July 14, 2015

"The Chinese government regards markets as clay that can be molded. Instead, markets are like water: They always find their own level, no matter who or what tries to control them."

LA Times But on the other hand there's reality, which seems to indicate that China's muscular intervention is working. by Scott Kennedy, Director of the Project on Chinese Business and Political Economy at the Center for Strategic and International Studies in Washington

'The Shanghai Composite Index rose from its low Wednesday of 3,507 to close Monday at 3,970, up 13.2% in just three trading days. The Shenzhen and Hong Kong exchanges gained 12.5% and 10.2%, respectively. Although Chinese markets lost more than 30% of their value during the last month, they are still up 95% from June 2014, when the climb began. Meanwhile, China's downturn has barely caused a ripple on the New York Stock Exchange. The turmoil in Greece and the recent increase in the price of Starbucks coffee have had a greater effect on American investors.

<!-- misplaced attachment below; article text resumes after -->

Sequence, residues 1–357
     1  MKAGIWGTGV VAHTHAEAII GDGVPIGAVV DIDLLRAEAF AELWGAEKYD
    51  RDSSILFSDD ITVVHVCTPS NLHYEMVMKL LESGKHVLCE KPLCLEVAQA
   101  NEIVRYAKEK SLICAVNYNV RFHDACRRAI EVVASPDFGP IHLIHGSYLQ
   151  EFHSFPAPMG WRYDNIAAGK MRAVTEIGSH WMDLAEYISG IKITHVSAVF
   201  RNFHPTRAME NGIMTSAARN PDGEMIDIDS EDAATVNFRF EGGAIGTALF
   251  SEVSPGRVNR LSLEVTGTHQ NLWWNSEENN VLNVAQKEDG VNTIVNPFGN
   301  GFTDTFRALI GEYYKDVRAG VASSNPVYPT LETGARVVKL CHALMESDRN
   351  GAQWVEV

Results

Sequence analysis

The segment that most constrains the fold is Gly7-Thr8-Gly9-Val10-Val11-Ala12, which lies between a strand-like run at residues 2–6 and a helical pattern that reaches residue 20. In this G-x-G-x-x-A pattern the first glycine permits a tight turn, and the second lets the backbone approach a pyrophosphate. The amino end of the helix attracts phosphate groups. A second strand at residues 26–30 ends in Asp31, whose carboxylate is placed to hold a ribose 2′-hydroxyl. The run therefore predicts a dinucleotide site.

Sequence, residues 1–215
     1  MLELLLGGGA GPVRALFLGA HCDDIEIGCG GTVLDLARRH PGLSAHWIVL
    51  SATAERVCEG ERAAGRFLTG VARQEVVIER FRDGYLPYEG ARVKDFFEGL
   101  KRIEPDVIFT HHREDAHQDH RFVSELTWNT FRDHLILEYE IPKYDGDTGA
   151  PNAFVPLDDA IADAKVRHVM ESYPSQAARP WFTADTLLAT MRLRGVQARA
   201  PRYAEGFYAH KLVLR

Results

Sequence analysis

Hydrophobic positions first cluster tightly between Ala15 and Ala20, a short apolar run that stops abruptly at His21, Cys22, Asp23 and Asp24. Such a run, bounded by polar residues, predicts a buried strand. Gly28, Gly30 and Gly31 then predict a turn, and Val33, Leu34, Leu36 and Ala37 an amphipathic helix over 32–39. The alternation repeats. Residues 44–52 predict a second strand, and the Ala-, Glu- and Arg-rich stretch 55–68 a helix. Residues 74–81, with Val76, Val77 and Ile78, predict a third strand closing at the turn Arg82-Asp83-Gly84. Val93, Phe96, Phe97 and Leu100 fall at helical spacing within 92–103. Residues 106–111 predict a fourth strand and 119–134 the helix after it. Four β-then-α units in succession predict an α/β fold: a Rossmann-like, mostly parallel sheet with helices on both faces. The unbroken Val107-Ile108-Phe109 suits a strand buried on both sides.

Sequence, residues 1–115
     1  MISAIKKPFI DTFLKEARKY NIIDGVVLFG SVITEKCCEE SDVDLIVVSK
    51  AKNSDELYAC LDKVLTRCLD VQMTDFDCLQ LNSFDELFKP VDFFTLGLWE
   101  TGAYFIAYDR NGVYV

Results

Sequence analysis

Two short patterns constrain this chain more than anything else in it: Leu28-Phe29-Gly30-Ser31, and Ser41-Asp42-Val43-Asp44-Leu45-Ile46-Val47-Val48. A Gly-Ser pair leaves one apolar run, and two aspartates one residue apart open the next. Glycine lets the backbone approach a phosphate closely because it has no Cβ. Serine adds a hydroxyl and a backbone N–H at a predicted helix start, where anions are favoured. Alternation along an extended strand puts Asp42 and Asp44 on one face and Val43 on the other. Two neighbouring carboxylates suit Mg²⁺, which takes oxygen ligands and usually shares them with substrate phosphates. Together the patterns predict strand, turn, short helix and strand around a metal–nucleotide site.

'Recent history is of course not the only evidence that China's "clay" approach gets results: China has averaged 9% growth for 36 years by combining market-oriented policies with strong doses of protectionism.

'Despite what they preach, moreover, individual American officials from the president on down occasionally meddle with the market: They get in front of the camera to jawbone the economy, to reassure investors or try to talk the dollar up or down. And all of us remember where the temporary, if unofficial, CEO of General Motors lived after the global financial crisis broke out — 1600 Pennsylvania Ave.'

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